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The buildup is simple: Nissan wants me to race in their inaugural season of the Micra Cup, a spec series based in Quebec, currently with approximately 25 cars filling each race weekend with exciting and close racing action.

My venue? Saint Eustache, just north of Montreal, a small race track, home to drifting, drag nights and roundy-round racing. It is a technical track, but is short and not much wider than a go-kart track. Most of the racers in the Micra Cup series use this track as their testing and training ground and it was where the Micra Cup started this year with practice and delivery of the vehicles in May.

Most race weekends are just that, full weekends of practice, qualifying and racing. Typically a Friday practice is held, followed by practice on the Saturday morning, qualification and a race. Sunday is much of the same as well, most race weekends are actually the same from series to series, right from grassroots motorsports at the club level, all the way up to the big dogs in Formula 1. But this one was a little different with everything held solely on the Saturday in a very compressed schedule.

Obviously Nissan wanted me there for a few reasons, they wanted some feedback on their race car, they wanted some press coverage and of course they wanted me to win… right? But of course the racer excuse book must be filled with facts for the day and how the odds were stacked against me – first of all, Nissan didn’t actually want me to win, although I’m sure they would not have been too mad, right?

Excuse Book Entry – The Car

The Micra is not your typical race car, you see, usually when you talk about a race car you are talking about a low slung body design that forces the weight closer to the ground for more stability. The Micra is what I would call a bubble car, made for a roomy experience for four passengers out of an economical car that starts at a base price of $9,995.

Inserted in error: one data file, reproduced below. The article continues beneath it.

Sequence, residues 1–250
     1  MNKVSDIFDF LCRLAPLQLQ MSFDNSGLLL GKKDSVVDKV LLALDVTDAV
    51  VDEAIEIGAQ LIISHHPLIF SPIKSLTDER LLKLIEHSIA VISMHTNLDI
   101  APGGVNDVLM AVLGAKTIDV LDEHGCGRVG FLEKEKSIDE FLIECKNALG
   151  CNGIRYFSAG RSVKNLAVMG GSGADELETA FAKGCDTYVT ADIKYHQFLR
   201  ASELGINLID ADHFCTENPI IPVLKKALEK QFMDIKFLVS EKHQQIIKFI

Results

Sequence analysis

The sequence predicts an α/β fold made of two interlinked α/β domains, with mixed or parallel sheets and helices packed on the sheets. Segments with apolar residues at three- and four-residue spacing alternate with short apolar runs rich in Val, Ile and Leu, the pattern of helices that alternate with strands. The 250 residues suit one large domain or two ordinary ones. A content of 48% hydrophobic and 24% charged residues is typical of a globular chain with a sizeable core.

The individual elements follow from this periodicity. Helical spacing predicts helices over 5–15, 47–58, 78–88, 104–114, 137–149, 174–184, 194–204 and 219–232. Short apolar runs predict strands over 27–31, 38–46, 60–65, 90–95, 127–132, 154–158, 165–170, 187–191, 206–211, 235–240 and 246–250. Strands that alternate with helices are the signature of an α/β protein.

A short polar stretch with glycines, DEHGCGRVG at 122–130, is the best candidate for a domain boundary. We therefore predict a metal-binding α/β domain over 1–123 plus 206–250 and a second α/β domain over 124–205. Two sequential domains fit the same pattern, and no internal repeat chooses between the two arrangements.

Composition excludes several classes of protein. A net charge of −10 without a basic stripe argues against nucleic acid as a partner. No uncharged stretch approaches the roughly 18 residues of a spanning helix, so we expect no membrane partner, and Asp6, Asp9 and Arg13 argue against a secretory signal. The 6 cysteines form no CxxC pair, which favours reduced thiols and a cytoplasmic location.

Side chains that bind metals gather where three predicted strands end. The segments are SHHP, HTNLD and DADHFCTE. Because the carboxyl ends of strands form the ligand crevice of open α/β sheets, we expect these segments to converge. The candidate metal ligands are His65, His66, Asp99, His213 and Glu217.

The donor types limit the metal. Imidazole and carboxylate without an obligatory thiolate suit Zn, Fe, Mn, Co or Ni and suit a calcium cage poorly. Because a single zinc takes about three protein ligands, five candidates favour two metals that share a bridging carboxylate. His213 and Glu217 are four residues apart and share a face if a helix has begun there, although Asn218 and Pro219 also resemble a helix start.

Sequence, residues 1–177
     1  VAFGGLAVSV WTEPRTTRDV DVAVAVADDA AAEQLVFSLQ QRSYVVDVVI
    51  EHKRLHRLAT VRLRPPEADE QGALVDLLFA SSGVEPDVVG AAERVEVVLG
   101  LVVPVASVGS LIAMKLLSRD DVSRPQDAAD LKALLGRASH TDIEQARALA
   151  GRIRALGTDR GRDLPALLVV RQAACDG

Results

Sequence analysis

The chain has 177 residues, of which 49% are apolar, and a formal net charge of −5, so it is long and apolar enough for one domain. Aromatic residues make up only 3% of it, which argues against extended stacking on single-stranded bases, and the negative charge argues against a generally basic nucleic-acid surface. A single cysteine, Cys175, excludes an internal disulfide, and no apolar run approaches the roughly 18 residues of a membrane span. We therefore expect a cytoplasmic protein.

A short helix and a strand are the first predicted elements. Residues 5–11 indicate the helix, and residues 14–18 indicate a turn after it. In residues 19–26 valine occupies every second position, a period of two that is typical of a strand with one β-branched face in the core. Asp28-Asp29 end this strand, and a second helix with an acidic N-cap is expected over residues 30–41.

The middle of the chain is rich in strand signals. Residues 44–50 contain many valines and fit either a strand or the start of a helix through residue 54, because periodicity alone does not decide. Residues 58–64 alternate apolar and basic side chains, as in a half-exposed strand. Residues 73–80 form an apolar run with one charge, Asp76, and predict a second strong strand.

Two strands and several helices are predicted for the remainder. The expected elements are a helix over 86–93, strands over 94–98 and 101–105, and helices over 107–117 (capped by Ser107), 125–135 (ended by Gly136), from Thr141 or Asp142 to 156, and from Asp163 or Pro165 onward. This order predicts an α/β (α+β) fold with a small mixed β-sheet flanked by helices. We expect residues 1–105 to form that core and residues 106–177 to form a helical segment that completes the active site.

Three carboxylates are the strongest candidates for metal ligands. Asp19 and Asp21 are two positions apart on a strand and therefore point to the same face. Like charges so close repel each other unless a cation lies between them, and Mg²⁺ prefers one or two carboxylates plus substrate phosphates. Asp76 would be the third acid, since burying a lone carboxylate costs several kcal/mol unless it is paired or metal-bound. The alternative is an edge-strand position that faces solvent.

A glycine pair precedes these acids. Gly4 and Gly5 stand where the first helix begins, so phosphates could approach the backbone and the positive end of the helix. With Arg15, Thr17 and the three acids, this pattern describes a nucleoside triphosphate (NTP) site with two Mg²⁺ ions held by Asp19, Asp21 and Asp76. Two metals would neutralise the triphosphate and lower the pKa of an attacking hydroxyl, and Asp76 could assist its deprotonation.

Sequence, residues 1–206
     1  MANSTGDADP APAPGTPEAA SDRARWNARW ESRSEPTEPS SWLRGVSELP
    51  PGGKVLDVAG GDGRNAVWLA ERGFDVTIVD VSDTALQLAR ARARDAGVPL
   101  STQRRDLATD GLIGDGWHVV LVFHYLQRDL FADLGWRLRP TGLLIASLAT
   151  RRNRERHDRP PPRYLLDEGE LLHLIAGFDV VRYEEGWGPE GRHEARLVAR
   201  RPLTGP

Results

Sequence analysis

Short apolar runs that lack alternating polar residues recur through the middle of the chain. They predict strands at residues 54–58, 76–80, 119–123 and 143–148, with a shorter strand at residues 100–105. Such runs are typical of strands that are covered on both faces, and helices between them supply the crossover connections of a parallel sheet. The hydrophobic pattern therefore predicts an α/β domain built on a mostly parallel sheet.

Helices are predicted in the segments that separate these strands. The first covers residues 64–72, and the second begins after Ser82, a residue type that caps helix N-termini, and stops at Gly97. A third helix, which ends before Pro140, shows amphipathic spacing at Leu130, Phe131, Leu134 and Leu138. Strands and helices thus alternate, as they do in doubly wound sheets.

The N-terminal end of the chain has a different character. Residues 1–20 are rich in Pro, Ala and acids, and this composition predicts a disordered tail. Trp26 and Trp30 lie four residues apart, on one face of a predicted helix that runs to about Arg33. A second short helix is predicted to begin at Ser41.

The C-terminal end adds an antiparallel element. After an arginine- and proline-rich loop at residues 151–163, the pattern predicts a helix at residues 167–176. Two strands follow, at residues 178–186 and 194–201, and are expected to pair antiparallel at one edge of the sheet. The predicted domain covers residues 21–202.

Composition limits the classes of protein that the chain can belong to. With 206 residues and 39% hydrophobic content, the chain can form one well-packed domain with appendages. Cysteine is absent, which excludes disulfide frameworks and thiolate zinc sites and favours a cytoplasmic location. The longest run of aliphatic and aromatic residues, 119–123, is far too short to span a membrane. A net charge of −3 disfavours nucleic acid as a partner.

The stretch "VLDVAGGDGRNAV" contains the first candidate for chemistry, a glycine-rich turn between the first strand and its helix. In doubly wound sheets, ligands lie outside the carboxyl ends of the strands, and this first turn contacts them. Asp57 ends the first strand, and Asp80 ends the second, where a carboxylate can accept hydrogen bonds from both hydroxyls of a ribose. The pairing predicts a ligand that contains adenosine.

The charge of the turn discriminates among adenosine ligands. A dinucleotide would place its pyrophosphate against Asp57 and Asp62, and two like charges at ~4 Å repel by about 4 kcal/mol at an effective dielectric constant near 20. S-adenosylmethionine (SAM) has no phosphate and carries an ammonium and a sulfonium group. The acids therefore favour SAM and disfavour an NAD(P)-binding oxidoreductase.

The Micra also has a short narrow wheelbase, something also backwards from what one would call a race car. It is driven by the front wheels, or should I say wheel? It’s front wheel drive, it does have a manual transmission which gives you full control, but there is no limited slip differential so when one wheel is off the ground it gives you that lovely one-wheel peel and smoke, hey look a one wheel burnout! – Racer excuse #1

Of course, without the wheel in the air not much burning out happens, with only 109 hp available to the driver at the best of times from a 1.6L engine. – Racer excuse #2

The suspension on the Micra Cup car is not a stock Micra suspension, thank god. But it is still not a stiff, adjustable and roll-resistant suspension. In fact the suspension kind of reminds you of how a canoe feels when sitting in the calm waters of the ocean. – Racer excuse #3

Guess who made the top 10? Stars in Cars: Elvis Stojko

There are some attributes of the Micra Cup car that resemble a race car though, and that is good. All Micra Cup cars are built by MIA (Motorsports in Action) located at the track at Saint Eustache which proves right there that they are dedicated to track performance not street show.

A custom cage is bolted and welded into the Micra to ensure that the driver stays safe in case of an accident or rollover (and roll over they do), OMP belts, seat and steering wheel are also installed and the door panels are gutted and covered over with plastic cover. The cars weigh in at a reasonable 1,050 kg with the driver and fuel on board.

Also installed is an AIM MXL dash that provides data-logging, lap times, oil / water temperatures, RPM, shift lights and more – when you step into the Micra Cup car, you feel like you are in a real race car.

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